Purpose – This paper aims to illustrate the peculiar knowledge management (KM) issues in UN peacekeeping, the practices adopted, their practicability and problematic aspects. Design/methodology/approach – This case study deals with a “frontier” experience that summarizes many elements of complexity of public decision making, such as: uncertainty, multiplicity of goals and tasks, participation of different and often conflicting stakeholders, different levels of authority, etc. Findings – The case study shows that transposing today's lessons into the future – which is a major goal of KM – is intrinsically difficult in the case of global and multidimensional decision making. KM systems must evolve and adapt continuously. Closing the nexus between KM and policy making could make policies more responsive to the evolvement of internal and external conditions, but turning knowledge into policy means that knowledge should not be disconnected from its sources, in terms of people and places. Practical implications – The analysis of the UN experience provides food for thought for all the professionals and organizations alike involved in KM processes of comparable complexity. Originality/value – From a conceptual viewpoint, the study addresses the important issue of KM applied to complex policy-making processes. The study of the KM solutions adopted to face this complexity provides insights for both scholars and practitioners.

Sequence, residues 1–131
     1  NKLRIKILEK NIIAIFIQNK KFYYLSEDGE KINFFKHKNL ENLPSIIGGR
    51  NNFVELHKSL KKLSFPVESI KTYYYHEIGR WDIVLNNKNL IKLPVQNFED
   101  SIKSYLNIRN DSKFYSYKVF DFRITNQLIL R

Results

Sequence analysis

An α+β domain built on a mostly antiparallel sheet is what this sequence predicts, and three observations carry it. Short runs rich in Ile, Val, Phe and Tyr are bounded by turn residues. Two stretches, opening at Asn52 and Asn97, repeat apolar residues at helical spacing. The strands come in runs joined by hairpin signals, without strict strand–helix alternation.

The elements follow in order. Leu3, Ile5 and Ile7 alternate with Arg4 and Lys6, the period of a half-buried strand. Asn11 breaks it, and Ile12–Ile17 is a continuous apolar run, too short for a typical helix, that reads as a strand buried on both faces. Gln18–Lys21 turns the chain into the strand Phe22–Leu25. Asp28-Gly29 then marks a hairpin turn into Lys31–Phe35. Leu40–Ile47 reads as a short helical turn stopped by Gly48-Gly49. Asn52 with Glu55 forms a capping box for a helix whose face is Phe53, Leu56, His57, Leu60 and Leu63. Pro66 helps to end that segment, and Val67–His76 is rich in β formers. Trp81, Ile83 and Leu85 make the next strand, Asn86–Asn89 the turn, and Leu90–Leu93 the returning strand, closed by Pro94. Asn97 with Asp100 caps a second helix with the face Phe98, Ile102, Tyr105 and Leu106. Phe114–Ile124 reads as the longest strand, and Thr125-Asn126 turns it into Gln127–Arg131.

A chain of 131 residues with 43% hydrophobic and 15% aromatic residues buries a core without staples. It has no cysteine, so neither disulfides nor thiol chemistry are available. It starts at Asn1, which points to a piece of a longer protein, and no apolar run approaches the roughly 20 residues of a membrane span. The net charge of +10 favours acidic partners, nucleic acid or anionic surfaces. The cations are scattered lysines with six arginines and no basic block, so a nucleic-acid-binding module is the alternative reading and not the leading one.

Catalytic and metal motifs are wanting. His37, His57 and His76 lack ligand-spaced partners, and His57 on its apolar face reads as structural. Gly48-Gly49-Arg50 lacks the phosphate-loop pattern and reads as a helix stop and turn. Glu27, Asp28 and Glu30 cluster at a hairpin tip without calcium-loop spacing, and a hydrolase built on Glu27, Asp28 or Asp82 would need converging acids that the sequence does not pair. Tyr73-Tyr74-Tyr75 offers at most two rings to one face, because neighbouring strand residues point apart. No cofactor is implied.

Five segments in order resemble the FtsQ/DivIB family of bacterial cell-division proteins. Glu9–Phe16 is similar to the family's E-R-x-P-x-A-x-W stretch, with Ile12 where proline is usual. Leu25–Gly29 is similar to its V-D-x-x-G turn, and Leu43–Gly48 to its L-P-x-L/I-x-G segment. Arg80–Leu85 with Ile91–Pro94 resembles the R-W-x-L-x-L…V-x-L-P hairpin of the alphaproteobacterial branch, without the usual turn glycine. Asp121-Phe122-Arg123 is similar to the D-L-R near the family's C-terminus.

Knowledge Management in Complex Environments: the UN Peacekeeping

BOLISANI, ETTORE;
2010

Abstract

Purpose – This paper aims to illustrate the peculiar knowledge management (KM) issues in UN peacekeeping, the practices adopted, their practicability and problematic aspects. Design/methodology/approach – This case study deals with a “frontier” experience that summarizes many elements of complexity of public decision making, such as: uncertainty, multiplicity of goals and tasks, participation of different and often conflicting stakeholders, different levels of authority, etc. Findings – The case study shows that transposing today's lessons into the future – which is a major goal of KM – is intrinsically difficult in the case of global and multidimensional decision making. KM systems must evolve and adapt continuously. Closing the nexus between KM and policy making could make policies more responsive to the evolvement of internal and external conditions, but turning knowledge into policy means that knowledge should not be disconnected from its sources, in terms of people and places. Practical implications – The analysis of the UN experience provides food for thought for all the professionals and organizations alike involved in KM processes of comparable complexity. Originality/value – From a conceptual viewpoint, the study addresses the important issue of KM applied to complex policy-making processes. The study of the KM solutions adopted to face this complexity provides insights for both scholars and practitioners.
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Utilizza questo identificativo per citare o creare un link a questo documento: https://hdl.handle.net/11577/2422410
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